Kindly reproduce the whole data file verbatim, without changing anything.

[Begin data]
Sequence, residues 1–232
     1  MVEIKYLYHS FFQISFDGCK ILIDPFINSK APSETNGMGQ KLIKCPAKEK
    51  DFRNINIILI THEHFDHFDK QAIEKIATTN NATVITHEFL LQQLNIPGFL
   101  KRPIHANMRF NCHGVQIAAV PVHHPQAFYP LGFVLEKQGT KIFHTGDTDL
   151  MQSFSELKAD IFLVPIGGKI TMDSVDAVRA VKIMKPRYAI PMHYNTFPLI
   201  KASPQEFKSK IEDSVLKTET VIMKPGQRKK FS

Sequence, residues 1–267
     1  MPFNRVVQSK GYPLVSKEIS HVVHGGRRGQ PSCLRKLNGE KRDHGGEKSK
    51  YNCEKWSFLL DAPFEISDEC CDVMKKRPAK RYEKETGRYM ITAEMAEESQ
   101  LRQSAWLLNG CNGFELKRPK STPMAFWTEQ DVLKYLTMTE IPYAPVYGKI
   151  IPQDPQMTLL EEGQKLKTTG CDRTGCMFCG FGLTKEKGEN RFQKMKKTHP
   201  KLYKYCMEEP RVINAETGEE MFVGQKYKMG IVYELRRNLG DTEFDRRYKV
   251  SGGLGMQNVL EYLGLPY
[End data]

Sequence, residues 1–232
     1  MVEIKYLYHS FFQISFDGCK ILIDPFINSK APSETNGMGQ KLIKCPAKEK
    51  DFRNINIILI THEHFDHFDK QAIEKIATTN NATVITHEFL LQQLNIPGFL
   101  KRPIHANMRF NCHGVQIAAV PVHHPQAFYP LGFVLEKQGT KIFHTGDTDL
   151  MQSFSELKAD IFLVPIGGKI TMDSVDAVRA VKIMKPRYAI PMHYNTFPLI
   201  KASPQEFKSK IEDSVLKTET VIMKPGQRKK FS

Sequence, residues 1–267
     1  MPFNRVVQSK GYPLVSKEIS HVVHGGRRGQ PSCLRKLNGE KRDHGGEKSK
    51  YNCEKWSFLL DAPFEISDEC CDVMKKRPAK RYEKETGRYM ITAEMAEESQ
   101  LRQSAWLLNG CNGFELKRPK STPMAFWTEQ DVLKYLTMTE IPYAPVYGKI
   151  IPQDPQMTLL EEGQKLKTTG CDRTGCMFCG FGLTKEKGEN RFQKMKKTHP
   201  KLYKYCMEEP RVINAETGEE MFVGQKYKMG IVYELRRNLG DTEFDRRYKV
   251  SGGLGMQNVL EYLGLPY